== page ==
89 Criminality Beyond Discipline and Punish better punishing (or rather, better imposing penalties). As noted in Foucault’s the lecture the previous year, neo-liberal governmentality, artic- ulated through an expression of bio-power, pays attention to a populations crime rates, not to individual criminals.37 The question is not “how do we get rid of criminals” but rather, “what is the acceptable, i.e., socially efficient level of crime?” The figure of homo œconomicus is the interface between the population level and the individual and as such becomes a new location in which power is exercised. The effect is that this individual becomes fully ‘responsible’ for their actions. This is the second key characteristic of homo œconomicus as not merely a partner of exchange (the classical conception of the figure), but also as an entrepreneur of the self. This conception draws directly form Becker and Schultz’s theory of human capital as having an investment struc- ture. Individuals are people who work upon themselves for a future return, acting as consumers/investors in order to increase their value on the labor market. This shift in perspective (to see one’s consumption choices as investments in the self) reconfigures the individual to bear the responsibil- ity for good and bad investments in the self. That is, entrepreneurs are rewarded for taking risks that achieve high returns, while they are “pun- ished” if the risks they take turn out to be poor investments. They bear the entire burden of their investments. The individual, as homo œconomicus, bears full responsibility, in the market sense, for his or her actions. Lemke notes, “The [neo-liberal] strategy of rendering individual subjects ‘respon- sible’ ... entails shifting the responsibility for social risks such as illness, unemployment, poverty, etc., and for life in society into the domain for which the individual is responsible and transforming it into a problem of ‘self-care.’ The key feature of the neo-liberal rationality is the congruence it endeavors to achieve between a responsible and moral individual and an economic-rational actor.”38 This homo œconomicus, the responsible “interface between government and the individual,” is what makes “homo œconomicus ... eminently govern- able. The intangible partner of lassiez-faire, homo œconomicus now appears as the correlate of a governmentality that is going to act on the milieu and systematically modify the variables of that milieu” (NB: 274).39 An era in which techniques of security (i.e. risk management) come to have “preem- inence” over other forms of power (i.e. disciplinary and juridical), is one characterized by intervention at the level of the population, meaning that this organization of power takes the population as a whole as its object. This is not to say that individuals cease to exist from the point of the view of the state, but rather that they only articulate themselves as homo œconomicus,

90 Andrew Dilts governable because they are, to borrow directly from Ehrlich’s language, “responsive” to changes in the milieu. This is the moment when, as Gordon puts it, “Economic government here joins hands with behavioralism.”40 Neo-liberal political economy, centered on the responsive homo œconomicus, gives techniques of security, expressions of bio-power, their conceptual footing. The re-emergence of homo œconomicus demonstrates how the discursive production of criminological features has proceeded following the end of an era in which the rehabilitative ideal was dominant. Part of the reason that lib- eral theorists have failed to understand the meaning and significance of dis- enfranchisement is because they have not attended to the discursive exchanges that produce these figures. Nor have they have attended to how these dis- courses have altered over time. To understand the felon and voting rights restrictions today, it is necessary to understand that this figure has been dis- cursively fabricated within the context of changing discourses of law, citizen- ship, crime, and punishment, with its sequence of criminological figures, from the delinquent to homo œconomicus. Foucault’s analyses give us a conceptual framework, a set of starting points, and most importantly, the proper orienta- tion to the kinds of questions we should be asking. Most importantly, Foucault points us in the direction we must attend to first: a critique of clas- sical liberalism as a doctrine that is founded on punishment, and of neo-liber- als that seeks to disavow this history.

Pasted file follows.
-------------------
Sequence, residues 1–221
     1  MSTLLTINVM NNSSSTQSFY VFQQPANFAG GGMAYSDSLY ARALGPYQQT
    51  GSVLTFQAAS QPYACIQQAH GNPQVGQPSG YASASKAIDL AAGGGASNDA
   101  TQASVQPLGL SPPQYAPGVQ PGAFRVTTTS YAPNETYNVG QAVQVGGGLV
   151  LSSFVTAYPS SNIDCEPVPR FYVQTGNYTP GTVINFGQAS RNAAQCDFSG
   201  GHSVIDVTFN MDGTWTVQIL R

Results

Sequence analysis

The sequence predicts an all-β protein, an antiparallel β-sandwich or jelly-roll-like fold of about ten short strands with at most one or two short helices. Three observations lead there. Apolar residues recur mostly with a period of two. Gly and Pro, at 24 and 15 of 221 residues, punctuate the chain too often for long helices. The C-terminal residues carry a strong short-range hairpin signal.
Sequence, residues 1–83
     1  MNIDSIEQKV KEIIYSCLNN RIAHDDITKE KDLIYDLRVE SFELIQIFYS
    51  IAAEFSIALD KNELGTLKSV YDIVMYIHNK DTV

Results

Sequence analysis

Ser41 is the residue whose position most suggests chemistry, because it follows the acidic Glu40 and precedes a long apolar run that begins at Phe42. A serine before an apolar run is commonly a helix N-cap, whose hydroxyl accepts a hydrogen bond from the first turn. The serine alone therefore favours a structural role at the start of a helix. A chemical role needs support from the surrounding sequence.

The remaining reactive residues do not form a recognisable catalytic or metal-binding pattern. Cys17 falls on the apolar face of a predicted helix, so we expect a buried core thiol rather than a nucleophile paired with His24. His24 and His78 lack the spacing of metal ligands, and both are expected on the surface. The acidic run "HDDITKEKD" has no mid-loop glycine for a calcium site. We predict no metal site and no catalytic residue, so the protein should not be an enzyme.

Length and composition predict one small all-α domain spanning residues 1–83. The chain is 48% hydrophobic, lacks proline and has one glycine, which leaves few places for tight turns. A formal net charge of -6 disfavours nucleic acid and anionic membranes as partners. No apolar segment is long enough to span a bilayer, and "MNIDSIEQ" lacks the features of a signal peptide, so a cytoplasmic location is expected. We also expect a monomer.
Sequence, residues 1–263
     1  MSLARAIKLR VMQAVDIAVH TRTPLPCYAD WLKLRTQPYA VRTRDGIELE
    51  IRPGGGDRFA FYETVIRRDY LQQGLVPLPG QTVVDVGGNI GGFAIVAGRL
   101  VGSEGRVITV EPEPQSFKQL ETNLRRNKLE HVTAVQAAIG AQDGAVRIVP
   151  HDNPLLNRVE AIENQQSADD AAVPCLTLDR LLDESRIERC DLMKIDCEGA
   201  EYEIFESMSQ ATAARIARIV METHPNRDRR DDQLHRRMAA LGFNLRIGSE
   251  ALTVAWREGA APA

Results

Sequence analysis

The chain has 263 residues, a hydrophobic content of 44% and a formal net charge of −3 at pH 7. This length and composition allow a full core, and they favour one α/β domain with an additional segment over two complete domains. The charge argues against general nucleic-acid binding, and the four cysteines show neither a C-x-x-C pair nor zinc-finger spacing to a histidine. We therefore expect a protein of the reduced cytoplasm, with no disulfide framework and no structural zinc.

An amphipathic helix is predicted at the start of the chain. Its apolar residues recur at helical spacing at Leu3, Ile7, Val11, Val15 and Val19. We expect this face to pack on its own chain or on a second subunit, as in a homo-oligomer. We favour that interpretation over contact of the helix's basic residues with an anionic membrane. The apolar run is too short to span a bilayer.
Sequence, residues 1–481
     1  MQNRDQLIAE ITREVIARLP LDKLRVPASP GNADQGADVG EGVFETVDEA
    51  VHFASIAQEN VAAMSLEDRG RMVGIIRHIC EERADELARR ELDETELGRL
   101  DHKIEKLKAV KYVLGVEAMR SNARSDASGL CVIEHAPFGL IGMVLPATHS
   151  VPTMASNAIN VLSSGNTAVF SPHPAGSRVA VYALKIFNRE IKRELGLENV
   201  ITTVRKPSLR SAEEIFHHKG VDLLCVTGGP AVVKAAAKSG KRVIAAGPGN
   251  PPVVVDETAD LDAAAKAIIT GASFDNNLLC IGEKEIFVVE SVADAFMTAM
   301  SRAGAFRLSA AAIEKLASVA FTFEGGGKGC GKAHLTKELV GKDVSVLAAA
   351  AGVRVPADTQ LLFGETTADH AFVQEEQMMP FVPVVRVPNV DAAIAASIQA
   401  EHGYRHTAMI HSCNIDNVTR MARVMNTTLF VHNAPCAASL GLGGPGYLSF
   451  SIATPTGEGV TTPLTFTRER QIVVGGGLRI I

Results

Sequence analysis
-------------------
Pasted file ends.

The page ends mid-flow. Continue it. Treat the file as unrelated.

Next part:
V. Foucault, true to form, only points our attention in these lectures to the relatively hidden dangers of this way of thinking. He does not take an explicitly normative position on these dangers. If we are interested in ana- lyzing bio-power, bio-politics, or governmentality, we must understand its conceptual framework, its savoir. Moreover, if we read his subsequent inter- est in the care of the self as an ethical version of the economic entrepre- neurship of the self, it seems that Foucault really was quite taken by this line of thought. But here it is our job to make more explicit the work that this figure of homo œconomicus does in enabling practices, hiding assumptions, and managing contradictions among (and within) discourses. Neo-liberal theories of crime and punishment have left us with these very real problems. First, homo œconomicus, by implying a form of complete responsibility for criminal behavior, combined with existing attachments to criminals, delinquents, ne’er-do-wells, gangsters, etc., actually enables a new meaning of criminality. The monstrous individual, the criminally insane, the incorri-